HERB - apple butter no sugar
gwalli at infoengine.com
Thu Mar 11 13:42:24 PST 1999
Lady Katerine, the more I think about it, the more I believe I can just
recreate the recipe off the top of my head. Here's a stab at it. The
process of buttering a fruit is pretty easy, when it comes right down
to it. You are, in essence, removing moisture to make the fruit thickened.
You add water at the start of the recipe to keep the apples from sticking,
but that simmers off by the end of the cooking time.
The recipe I made last year involved about 10-12 apples per batch. Each
batch took roughly 4 hours to make. I am of the opinion that the skins
stay on the apples unless the skin tastes tannic (like wild ones). The apples
on our old family farm get peeled. The peel adds color, but I've not been
able to get it to change the procedure any, so use your judgement.
Take 10-12 medium apples, peel them if you wish, but be sure to core them
and cut them small, either in cubes or thin slices. In a large pot, add the
2 tbsp cider vinegar, 1 tsp lemon juice, ~1 tsp spices (I used a tsp cinnamon
the last batch I made), and 1 cup water.
Using medium heat, bring all the ingredients to a boil and simmer until apples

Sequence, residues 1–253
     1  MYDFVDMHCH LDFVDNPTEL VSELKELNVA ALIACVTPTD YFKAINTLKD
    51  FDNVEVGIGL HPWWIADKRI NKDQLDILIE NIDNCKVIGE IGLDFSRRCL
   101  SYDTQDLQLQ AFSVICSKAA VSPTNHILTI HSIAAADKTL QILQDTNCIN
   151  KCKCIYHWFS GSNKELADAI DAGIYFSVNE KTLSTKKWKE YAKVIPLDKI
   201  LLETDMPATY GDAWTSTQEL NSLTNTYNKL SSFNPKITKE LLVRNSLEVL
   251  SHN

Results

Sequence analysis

are soft and crushable. Remove this from the stove briefly and ladel it into a
blender, pureeing the whole batch until well processed, like applesauce. Put
the mixture back in the pan and onto the stove.
Reduce the heat of your pan to a very slow simmer (this is between low and
medium on my stove). Simmer the apple mixture uncovered for about 4 hours,
stirring every half hour or so for roughly the first 3 1/2 hours. Toward the
end, stir the whole mixture regularly to avoid burning or sticking. The mix
should be fairly thick at this point. You'll know it's done when it mounds up
on the back of a soup spoon or when you have to start stirring constantly
to keep the mix from sticking or burning.
If you're going to can it, ladle it into sterlized jars and process for the
recommended by your manufacturer (I think for jars in a bath water method
this is 10 minutes, but don't quote me). If no canning is involved, try to last
long enough for the mix to cool so you don't burn your mouth.
jasmine at infoengine.com
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